I received a good patentability opinion; how do I get to patent pending?
We are often asked; “when do I have ‘patent pending’ status?” The answer is fairly straightforward. An invention becomes patent pending the moment it is filed with the USPTO. Getting to that position does take a few steps but being patent pending can be important to an inventor. The filing of a patent application provides the inventor with a tangible property right – one that can be sold and licensed – and allows the inventor to publicly make, sell, and show the invention without fear that any loss of rights may occur due to public disclosure.
Usually, by this stage, the inventor will have had the patent attorney provided a patentability search and opinion informing the inventor not only as to whether a patent is potentially available for an invention, but also the type of patent (i.e. design or utility) which is best suited for the inventor based upon the chances for success, the type of invention and, of course, the inventor’s needs. Though a patentability determination is not required, it is often highly desirous as a professional searcher will locate references using specialized search engines not available to inventors and the located information can save thousands of dollars down the road.
Once the inventor has decided to move toward being patent pending, the patent attorney will work with a drafter to have professionally rendered drawings created for the application. These drawings are not mechanical drawings in the formal sense. Though related to mechanical drawings, patent application drawings do not include measurements and other details required to build a model but instead are a general representation of the invention. The type of patent application to be filed also dictates the way in which the drawings are prepared. Design patents protect the ornamental appearance of elements of an invention and therefore drawings for design patents require all views to be consistent and exact with respect to each other. Utility patent drawings are only approximations of the invention and therefore are intended to show how the invention might work. Therefore utility patent drawings are more likely to include exploded and cross-sectional views depicting the functionality of the invention.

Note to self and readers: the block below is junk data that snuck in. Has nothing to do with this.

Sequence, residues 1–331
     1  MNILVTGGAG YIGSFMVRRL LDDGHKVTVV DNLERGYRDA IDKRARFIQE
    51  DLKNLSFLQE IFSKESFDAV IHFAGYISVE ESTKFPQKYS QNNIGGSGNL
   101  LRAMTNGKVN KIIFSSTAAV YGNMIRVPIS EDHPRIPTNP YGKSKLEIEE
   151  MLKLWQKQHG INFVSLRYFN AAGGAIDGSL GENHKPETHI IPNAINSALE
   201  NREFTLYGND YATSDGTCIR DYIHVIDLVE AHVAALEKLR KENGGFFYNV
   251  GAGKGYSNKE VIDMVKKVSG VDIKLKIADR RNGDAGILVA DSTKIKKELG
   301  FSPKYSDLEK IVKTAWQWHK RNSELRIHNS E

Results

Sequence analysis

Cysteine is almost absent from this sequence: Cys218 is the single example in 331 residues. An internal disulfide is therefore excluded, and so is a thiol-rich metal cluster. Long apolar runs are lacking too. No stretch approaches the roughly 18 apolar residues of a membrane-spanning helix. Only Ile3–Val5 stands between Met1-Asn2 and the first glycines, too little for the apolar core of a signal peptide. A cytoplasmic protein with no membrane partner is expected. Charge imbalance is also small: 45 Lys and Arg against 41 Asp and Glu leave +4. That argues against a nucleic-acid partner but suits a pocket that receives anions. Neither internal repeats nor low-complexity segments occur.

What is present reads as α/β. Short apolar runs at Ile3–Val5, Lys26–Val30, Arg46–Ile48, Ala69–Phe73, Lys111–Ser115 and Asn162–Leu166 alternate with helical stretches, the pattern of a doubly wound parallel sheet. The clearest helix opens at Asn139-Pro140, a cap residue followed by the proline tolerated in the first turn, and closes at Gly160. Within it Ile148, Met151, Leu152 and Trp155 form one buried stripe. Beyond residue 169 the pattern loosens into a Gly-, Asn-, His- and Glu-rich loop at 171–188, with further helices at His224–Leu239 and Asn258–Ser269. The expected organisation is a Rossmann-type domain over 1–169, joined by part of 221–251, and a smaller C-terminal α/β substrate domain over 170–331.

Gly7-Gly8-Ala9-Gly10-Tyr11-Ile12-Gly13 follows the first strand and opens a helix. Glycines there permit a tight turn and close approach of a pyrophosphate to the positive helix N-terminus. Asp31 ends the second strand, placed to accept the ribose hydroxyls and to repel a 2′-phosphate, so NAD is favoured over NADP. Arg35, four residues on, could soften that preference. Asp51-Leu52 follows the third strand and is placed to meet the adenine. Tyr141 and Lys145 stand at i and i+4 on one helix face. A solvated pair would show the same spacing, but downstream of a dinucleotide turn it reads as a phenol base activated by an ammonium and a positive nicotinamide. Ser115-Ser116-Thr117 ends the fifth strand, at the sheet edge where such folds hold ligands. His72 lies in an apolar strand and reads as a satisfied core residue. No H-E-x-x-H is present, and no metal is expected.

The process for obtaining the drawings can vary but an inventor can expect at least a first draft within 1-3 weeks. Often the attorney, after viewing the drawings, will request revisions to show particular aspects of the invention that are not entirely clear from the first draft. Thus, 1-2 months could elapse on a very complicated invention where the attorney and drafter are making continual revisions to perfect the drawings. This is important because once filed, a patent application cannot be amended to add new matter. As the drawings are particularly exemplary, the drawings are notoriously difficult to amend after the application is filed and any changes could necessitate the filing of a completely new application. It is therefore important that the inventor scrutinize the drawings to prevent the avoidable error of filing incorrect drawings.
Once completed, the application is sent to the inventor for reading, correcting any errors, and to otherwise ensure that the invention is fully and accurately described. The inventor will sign the application and return it to the attorney so that it can be filed with the USPTO. The attorney will typically electronically file the application so that an immediate confirmation and patent application number are received. When the USPTO receives the application, either by paper mailing or electronically, the invention has patent pending status.
A Note From Attorney Sean Kaufhold:
Due to the amount of time it can take to have an application written, the client can become anxious. Once the application is filed, it cannot be added to or changed. Therefore, this process must be done correctly with as much time as needed.